CEO BMW Belux: ‘Electric driving will not be cheap’
Eddy Haesendonck, the recently appointed CEO of BMW Belux, BMW importer in Belgium and Luxembourg, thinks electric driving will never be cheap. Furthermore he declares that BMW not only sells cars but will also be a mobility consultant, in particular for companies.
“Electricity is not cheap in Belgium and charging at a public charging point makes electric driving almost as costly as using diesel”, says BMW Belux CEO, Eddy Haesendonck. “In fact diesel and petrol are very cheap, it’s the excises from the government that make those fuels much more expensive.”
“When we all drive electrically tomorrow, what will the government do to compensate its loss of excises?”, he asks. “Electric driving will never be cheap, it will be ecological but not cheap, and it will only be ecological if we use green electricity.”
BMW plans to have 25 different electrified models in 2025, half of them (12) purely electric. “We are ready to produce them, but the infrastructure and the authorities are not following”, Haesendonck adds. “It kills technological progress.”
That’s why Haesendonck thinks hybrids will be important in the coming years. “However, we will have to stop talking about fake hybrids or bashing the diesel engine. Plug-in hybrids can now drive 80 km in purely electric modus and that will still increase.”
“In Rotterdam smart sensors make hybrid cars enter the city on pure electric driving, but in Belgium hybrids are still considered as a fake ecological solution, which makes their market share shrink instead of explode (from 4,9% last year to 4,7% today).”
Haesendonck doesn’t want to bury the diesel either: “Since the introduction of the Euro standards (Euro 1 in 1992 till Euro 6 in 2014) diesels have become 700 times more ecological.”
Together with Els Ampe, Alderwoman for Mobility and Public Works in Brussels, he stresses that urgent investments in mobility and infrastructure are needed. For cities like Brussels being multimodal is the solution, but the different means of transport have to fit.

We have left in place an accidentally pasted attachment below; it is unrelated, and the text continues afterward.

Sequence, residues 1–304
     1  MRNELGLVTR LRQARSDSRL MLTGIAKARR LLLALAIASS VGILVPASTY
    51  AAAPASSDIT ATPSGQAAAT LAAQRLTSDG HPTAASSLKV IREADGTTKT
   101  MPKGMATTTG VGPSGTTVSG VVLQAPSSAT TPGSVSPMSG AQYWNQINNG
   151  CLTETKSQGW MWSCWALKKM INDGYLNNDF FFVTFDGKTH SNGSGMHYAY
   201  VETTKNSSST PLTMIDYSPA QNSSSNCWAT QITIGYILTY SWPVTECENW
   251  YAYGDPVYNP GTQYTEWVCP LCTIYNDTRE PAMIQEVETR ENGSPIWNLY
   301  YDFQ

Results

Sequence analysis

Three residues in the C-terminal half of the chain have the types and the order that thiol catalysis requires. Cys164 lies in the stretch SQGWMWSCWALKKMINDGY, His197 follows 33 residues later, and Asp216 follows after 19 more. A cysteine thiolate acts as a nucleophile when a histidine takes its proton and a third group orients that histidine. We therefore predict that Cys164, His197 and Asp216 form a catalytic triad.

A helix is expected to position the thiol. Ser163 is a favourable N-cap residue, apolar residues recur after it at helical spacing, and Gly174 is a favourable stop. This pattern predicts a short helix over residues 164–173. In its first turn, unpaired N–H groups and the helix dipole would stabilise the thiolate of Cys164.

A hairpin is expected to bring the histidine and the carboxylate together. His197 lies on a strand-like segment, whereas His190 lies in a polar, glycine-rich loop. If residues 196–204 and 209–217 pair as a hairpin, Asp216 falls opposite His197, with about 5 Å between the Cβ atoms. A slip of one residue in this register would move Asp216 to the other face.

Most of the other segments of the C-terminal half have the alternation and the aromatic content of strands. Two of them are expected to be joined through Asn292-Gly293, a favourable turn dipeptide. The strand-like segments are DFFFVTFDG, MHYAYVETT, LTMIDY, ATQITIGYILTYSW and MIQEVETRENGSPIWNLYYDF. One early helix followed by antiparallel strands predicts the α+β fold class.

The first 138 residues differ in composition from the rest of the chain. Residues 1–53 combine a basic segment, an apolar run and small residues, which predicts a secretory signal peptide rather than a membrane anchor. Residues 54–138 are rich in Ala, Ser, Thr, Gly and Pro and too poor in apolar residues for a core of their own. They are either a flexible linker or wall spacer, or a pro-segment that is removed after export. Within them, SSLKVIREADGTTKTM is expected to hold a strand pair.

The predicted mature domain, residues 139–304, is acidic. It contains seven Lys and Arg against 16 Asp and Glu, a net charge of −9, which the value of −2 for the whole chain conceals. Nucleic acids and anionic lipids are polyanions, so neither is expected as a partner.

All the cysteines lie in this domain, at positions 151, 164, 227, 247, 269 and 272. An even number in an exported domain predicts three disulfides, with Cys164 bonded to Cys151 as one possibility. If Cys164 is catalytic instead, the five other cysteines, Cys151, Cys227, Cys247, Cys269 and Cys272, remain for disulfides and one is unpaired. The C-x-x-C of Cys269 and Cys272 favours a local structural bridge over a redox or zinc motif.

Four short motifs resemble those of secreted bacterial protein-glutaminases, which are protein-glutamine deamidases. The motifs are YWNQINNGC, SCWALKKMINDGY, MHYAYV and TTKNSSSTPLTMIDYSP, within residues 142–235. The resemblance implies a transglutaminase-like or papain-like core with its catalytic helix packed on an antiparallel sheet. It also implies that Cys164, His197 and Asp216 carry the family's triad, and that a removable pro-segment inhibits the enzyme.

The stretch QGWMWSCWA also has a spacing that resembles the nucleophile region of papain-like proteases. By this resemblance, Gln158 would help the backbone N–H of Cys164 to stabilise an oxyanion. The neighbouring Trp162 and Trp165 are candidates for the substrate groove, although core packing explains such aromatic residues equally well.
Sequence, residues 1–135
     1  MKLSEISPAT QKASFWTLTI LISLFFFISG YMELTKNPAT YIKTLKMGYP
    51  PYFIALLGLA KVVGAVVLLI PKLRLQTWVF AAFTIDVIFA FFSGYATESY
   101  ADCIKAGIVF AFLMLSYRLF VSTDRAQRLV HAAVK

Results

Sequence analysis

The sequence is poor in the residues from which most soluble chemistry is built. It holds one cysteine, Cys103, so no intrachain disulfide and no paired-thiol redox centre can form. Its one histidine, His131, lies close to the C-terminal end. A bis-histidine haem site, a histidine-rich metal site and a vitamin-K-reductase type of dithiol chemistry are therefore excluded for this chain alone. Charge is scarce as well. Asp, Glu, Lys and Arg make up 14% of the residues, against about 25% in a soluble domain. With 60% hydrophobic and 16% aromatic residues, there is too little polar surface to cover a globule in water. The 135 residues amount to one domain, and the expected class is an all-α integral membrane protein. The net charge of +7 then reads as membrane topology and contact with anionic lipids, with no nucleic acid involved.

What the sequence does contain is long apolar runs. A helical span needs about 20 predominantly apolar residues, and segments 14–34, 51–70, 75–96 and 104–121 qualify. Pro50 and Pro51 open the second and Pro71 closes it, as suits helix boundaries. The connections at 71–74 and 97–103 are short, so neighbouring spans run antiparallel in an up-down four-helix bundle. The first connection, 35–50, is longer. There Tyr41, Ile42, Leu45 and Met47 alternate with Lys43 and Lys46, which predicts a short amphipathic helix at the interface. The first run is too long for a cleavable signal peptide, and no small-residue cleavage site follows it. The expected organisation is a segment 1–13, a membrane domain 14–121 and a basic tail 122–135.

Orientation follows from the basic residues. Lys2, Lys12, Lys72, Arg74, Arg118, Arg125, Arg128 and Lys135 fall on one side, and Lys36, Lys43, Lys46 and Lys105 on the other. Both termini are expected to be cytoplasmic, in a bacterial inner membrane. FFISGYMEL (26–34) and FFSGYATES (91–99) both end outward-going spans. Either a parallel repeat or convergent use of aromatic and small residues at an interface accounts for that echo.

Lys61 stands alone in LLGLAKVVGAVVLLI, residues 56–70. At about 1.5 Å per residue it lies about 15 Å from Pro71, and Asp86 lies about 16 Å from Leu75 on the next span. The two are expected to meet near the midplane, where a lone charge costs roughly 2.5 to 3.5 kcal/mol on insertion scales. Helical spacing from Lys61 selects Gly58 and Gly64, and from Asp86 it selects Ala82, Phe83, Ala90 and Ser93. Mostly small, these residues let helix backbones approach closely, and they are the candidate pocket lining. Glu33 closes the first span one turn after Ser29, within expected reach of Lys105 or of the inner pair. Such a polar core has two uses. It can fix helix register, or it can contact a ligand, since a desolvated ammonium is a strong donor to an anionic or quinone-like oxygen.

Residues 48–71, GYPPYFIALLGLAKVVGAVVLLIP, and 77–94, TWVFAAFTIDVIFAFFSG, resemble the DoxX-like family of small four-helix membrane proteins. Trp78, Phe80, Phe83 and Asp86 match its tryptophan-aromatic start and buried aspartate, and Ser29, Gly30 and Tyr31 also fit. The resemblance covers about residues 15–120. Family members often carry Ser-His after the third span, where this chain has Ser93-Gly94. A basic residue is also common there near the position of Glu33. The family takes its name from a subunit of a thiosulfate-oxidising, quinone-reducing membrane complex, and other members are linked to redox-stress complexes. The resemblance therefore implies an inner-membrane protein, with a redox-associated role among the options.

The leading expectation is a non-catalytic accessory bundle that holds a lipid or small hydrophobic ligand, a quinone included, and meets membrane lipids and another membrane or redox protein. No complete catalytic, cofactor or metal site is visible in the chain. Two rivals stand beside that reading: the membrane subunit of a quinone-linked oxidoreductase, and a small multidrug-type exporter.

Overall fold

“Connecting the dots is essential. You have a huge parking in the north of Brussels (parking C), for example, where commuters could leave their private cars, but at the moment there is no easy connection with public transport. That’s illogical.”
Alderwoman Ampe confirms this and thinks that expanding the subway system could be a solution: “In London they plan 40 new subway stations and 42 kilometres of additional underground tracks, in Brussels there is no sense of urgency. Brussels authorities tend to be fatalistic about the whole problem.”
According to Ampe a big part of the solution could be 6 new subway lines totalling 36,5 km of additional underground network. That would cost 3,65 billion euro, “but that’s not a huge sum. You can spread the expenses in time and an investment in subways is the most efficient public transport investment for getting your money back in the end.”
Becoming mobility shifters
In the Belgian market BMW is also a big B2B player. BMW wants all its B2B sales teams to become mobility consultants or so-called mobility shifters. BMW doesn’t want to lose its (historically grown) privileged access to fleet and mobility managers, it wants to expand its consulting qualities.
Be it bikes, e-bikes, public or private shared cars, motorcycles or classic company cars, BMW wants to propose all possibilities to its company clients. If a company wants to electrify its fleet (totally or partly) BMW will look into the electrical infrastructure, the necessity to install solar panels, etc.
“We are no producers of charging points or installers of solar panels, but we try to be the easiest link. Our teams are informed, they know the services and the suppliers. They will provide different solutions proposed by our partners, so the customer has a good choice”, concludes Haesendonck.